Does that sound like it would work? I know it's more weight than the pockets
        that you would be using, but in breezy conditions, I would think it to be
        more secure. Not sure, but I'd welcome others take on that.

        I took apart my double bottom camo hammock the other night to play with
        a new idea for a knot/tie off method, but it was an abyssmal failure. Landed
        hard on my rear (I was smart enought to only hang it a few inches off the
        ground). It held deceptively long, even whilst "bouncing" around in it, but
        just as I was getting ready to get out, SPLAT!!!

        It was going to require less fabric length, so I cut mine down to 4'x8', and
        now I guess I have some pieces that will be good for a spear style for my kids.

        LOL, Live and learn!!!

        Shane "Mirage"...
      • Risk
        ... Thanks for the kudos Shane. I also use the zigzag on the long edge hems so they feel less like ropes under my thighs when sitting in the hammock. ...
        Message 3 of 13 , Apr 21 5:00 AM
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          --- In hammockcamping@yahoogroups.com, "Mirage" <mirage@p...> wrote:

          >
          > I never thought of a zigzag stitch. Brilliant!!

          Thanks for the kudos Shane. I also use the zigzag on the long edge
          hems so they feel less like ropes under my thighs when sitting in the
          hammock.
          >
          > My idea actually has a fold over of about 2" on either lateral end,
          creating
          > "pockets" that the pad would slip into, preventing it from sliding
          out at the
          > head or foot over night

          I believe that the friction between the top and bottom will keep the
          pad from migrating far. But that is theory or belief. And that is
          the reason for the prototype. I will let the group know how it does.
          >
          >
          > I've also thought about the bug net, and while not considering the
          "free
          > hanging" option (still assuming ridge cord), I had thought about using
          > the hook/loop on either end, and then sewing a hem with shock cord
          inside
          > the long edges. My thought so far is that if the width was right,
          you would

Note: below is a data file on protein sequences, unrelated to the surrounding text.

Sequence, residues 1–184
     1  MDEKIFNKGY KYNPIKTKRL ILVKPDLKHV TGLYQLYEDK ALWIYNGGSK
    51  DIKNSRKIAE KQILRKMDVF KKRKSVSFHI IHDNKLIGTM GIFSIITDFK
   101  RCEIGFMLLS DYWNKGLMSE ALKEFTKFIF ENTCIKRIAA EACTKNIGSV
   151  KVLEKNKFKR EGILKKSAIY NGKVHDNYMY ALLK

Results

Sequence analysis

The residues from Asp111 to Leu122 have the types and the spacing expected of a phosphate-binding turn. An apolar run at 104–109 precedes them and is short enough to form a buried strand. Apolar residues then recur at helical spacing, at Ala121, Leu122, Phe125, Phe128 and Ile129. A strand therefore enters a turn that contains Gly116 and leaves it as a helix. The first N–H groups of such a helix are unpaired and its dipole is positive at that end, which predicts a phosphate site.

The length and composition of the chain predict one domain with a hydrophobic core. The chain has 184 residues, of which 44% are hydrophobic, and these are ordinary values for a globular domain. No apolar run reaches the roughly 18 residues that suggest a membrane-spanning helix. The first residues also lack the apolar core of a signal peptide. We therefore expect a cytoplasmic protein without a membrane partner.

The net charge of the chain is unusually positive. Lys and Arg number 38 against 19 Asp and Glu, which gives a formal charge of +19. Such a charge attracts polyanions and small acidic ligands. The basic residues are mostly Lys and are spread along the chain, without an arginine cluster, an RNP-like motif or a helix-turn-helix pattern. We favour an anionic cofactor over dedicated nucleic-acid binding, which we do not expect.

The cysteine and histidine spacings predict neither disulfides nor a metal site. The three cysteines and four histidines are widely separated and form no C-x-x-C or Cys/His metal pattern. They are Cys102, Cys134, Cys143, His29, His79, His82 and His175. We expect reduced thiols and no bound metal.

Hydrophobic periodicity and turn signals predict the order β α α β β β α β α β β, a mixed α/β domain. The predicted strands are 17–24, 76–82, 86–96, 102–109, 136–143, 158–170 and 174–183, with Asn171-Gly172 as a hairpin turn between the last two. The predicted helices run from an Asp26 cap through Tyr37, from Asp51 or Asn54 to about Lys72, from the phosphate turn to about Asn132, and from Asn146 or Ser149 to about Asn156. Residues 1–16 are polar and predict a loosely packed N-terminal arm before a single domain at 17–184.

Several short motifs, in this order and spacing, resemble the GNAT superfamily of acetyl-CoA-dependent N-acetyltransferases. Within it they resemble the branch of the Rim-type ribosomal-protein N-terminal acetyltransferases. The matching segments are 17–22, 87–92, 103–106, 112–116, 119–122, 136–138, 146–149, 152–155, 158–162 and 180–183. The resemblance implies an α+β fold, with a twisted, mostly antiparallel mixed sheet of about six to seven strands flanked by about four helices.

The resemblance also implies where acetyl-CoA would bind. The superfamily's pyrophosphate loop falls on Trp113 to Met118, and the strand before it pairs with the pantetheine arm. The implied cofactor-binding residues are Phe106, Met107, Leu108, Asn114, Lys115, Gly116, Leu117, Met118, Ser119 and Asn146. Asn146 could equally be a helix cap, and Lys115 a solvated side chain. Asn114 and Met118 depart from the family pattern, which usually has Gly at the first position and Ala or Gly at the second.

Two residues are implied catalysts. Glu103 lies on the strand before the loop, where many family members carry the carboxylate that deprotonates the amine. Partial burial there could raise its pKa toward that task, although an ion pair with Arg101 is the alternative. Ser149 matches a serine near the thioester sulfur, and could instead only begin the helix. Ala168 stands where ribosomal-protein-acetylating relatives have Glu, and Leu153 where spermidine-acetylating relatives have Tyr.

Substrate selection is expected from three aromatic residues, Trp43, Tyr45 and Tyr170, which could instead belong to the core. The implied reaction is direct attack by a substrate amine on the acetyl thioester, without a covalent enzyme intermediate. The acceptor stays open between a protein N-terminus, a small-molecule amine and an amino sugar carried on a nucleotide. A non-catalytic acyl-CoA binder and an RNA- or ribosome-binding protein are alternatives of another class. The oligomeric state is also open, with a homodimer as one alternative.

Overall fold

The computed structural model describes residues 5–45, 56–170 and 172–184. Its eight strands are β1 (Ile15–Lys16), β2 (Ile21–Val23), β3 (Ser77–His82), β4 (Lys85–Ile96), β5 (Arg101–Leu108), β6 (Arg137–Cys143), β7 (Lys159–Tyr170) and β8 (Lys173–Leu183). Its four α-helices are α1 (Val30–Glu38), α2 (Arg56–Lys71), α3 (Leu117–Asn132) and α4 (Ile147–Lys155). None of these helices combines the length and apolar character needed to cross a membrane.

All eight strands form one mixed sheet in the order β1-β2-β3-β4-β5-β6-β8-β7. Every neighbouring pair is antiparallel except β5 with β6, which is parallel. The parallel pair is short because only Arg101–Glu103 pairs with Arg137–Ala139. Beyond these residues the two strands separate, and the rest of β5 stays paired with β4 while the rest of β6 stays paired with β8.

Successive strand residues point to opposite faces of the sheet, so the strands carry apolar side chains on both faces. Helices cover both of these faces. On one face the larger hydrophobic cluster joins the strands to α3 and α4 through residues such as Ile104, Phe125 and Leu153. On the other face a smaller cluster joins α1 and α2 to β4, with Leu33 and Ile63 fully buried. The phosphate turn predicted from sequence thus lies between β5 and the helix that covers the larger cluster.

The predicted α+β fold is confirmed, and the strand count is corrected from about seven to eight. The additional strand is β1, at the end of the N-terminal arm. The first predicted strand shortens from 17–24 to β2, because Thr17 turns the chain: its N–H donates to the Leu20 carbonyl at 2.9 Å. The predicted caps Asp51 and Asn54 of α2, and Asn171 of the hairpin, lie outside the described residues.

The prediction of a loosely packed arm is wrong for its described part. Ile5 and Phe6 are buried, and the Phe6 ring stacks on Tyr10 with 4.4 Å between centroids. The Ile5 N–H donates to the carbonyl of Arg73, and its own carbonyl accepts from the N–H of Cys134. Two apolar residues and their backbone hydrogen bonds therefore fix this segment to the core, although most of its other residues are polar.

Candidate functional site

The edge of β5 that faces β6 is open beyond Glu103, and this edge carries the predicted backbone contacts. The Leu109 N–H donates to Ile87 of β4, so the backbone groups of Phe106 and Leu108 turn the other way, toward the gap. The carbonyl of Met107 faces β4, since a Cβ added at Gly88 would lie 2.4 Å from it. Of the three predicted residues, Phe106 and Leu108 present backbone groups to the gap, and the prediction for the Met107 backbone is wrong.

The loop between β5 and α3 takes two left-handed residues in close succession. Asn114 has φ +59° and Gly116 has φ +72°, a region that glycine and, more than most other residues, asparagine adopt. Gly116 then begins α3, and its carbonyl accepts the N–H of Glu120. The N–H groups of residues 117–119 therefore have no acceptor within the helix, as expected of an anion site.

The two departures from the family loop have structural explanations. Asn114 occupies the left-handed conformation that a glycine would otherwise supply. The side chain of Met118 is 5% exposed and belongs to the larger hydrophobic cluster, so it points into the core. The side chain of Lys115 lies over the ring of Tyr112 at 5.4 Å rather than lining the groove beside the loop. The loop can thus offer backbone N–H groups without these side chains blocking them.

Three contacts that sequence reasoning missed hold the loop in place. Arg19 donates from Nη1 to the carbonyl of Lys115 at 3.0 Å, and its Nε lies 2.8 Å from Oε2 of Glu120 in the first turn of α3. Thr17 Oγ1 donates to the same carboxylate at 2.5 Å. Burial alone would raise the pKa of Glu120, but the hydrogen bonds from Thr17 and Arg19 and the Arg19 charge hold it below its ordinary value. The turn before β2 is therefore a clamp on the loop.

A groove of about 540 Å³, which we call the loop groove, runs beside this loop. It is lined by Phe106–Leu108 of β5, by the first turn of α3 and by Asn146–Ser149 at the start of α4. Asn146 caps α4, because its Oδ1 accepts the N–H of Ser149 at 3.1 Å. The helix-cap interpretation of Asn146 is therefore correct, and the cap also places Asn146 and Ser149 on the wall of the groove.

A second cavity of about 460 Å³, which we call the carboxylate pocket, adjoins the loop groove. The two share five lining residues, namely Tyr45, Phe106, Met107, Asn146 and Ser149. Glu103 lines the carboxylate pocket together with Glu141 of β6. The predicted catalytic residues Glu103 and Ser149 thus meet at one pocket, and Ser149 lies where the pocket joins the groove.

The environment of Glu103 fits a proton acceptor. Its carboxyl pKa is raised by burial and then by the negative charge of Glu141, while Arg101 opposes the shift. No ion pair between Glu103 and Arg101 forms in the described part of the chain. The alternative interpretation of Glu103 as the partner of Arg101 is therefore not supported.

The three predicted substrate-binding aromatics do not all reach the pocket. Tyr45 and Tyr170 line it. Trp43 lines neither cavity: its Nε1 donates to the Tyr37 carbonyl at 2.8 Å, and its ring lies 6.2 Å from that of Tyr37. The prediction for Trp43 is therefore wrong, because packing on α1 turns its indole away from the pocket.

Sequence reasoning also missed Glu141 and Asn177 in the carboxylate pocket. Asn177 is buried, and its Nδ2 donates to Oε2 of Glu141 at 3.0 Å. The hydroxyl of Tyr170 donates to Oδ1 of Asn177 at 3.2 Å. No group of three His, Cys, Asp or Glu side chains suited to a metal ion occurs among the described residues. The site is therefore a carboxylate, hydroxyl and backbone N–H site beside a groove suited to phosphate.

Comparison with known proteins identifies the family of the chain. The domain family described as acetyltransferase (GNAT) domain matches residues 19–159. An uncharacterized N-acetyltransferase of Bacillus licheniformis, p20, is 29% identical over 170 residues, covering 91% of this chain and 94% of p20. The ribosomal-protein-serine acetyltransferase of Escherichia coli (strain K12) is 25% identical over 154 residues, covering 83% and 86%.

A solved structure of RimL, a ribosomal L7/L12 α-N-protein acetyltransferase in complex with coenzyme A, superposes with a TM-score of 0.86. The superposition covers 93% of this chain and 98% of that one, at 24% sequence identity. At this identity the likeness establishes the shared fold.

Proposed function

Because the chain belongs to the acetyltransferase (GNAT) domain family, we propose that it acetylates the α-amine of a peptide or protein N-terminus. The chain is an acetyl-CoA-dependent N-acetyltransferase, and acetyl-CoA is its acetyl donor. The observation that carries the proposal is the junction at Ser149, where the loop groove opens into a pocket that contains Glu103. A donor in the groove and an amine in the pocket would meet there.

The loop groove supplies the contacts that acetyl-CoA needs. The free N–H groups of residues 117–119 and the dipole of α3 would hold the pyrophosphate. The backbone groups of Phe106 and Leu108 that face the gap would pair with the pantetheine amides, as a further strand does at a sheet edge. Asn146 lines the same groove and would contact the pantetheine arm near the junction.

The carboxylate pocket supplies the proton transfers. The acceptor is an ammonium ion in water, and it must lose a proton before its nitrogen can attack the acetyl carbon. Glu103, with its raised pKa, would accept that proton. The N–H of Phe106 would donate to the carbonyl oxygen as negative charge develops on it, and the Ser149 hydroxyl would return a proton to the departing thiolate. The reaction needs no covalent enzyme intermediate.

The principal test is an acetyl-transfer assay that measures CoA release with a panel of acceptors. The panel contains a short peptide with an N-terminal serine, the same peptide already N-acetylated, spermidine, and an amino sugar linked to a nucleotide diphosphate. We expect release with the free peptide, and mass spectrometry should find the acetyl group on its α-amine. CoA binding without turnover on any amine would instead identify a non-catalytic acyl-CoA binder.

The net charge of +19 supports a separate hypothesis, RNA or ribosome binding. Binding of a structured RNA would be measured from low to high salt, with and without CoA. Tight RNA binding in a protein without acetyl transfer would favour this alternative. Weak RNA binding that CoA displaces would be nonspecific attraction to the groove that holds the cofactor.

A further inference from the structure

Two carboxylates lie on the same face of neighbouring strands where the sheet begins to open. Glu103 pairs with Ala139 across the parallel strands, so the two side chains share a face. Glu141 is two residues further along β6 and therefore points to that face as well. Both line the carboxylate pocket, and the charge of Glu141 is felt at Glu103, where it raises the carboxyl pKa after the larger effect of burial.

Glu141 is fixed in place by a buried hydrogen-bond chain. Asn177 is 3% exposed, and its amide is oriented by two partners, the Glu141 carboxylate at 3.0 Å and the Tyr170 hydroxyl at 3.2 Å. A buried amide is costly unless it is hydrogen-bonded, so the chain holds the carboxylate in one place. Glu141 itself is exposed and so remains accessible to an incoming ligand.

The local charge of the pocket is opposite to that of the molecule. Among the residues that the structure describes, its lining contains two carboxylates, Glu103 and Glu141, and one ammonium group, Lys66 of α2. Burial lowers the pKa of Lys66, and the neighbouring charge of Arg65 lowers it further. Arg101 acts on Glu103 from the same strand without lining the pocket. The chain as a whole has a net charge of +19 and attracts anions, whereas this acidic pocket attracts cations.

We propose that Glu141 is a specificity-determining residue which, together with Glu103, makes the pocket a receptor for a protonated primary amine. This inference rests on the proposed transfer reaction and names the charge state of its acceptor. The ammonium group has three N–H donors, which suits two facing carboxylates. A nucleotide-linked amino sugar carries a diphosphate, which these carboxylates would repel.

> end up with a snug fit to the entire hammock body for the full length.
          >
          > Does that sound like it would work?

          I believe the taut shock cord, when not snapped into place outside the
          hammock would stretch across the inside of the hammock, and be very
          much in my way.

          I have been impressed that the free hanging bug net has worked well in
          some pretty bad bug conditions so far. I am interested to see how it
          works with both sides free hanging. Deb, what experience do you have
          with your design in buggy conditions?

          If I had to go to a real closure, I believe I might be experimenting
          with a zipper, oh, and maybe I will come around to velcro again some
          day. Maybe just several small patches instead of the whole length.

          Rick
        • ciyd01
          ... does. If it proves too slippery on it s own, you might add a few dots of silicon caulk to provide some grippy surface area. ... length. I have been
          Message 4 of 13 , Apr 21 9:39 AM
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            > I believe that the friction between the top and bottom will keep the
            > pad from migrating far. But that is theory or belief. And that is
            > the reason for the prototype. I will let the group know how it
            does.

            If it proves too slippery on it's own, you might add a few dots of
            silicon caulk to provide some 'grippy' surface area.

            > If I had to go to a real closure, I believe I might be experimenting
            > with a zipper, oh, and maybe I will come around to velcro again some
            > day. Maybe just several small patches instead of the whole
            length.

            I have been playing with the idea of using patches of velcro instead
            of a continuous length. First, it would reduce weight. Second, it
            would prevent the velcro from bearing the load of the sleeper as
            there would be no stretch on it. The problem with velcro and bug net
            is the same problem as velcro and pantyhose - snagging. Have you
            thought of using some dress snaps instead? These are the smallish
            one that get sewn on. They should add much weight nor would they
            snag or tear the velcro. How about a few ribbon ties? I'm sure some
            of these are impractical, but I'm just throwing ideas out there in
            hopes that it will spark a better idea from ya'll.

            ciyd
          • Debra Weisenstein
            The free-hanging bug net that I made is not completely impervious to bugs. In bad conditions, I ve spent time killing all mosquitoes I could find inside, gone
            Message 5 of 13 , Apr 22 8:07 AM
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              The free-hanging bug net that I made is not completely impervious to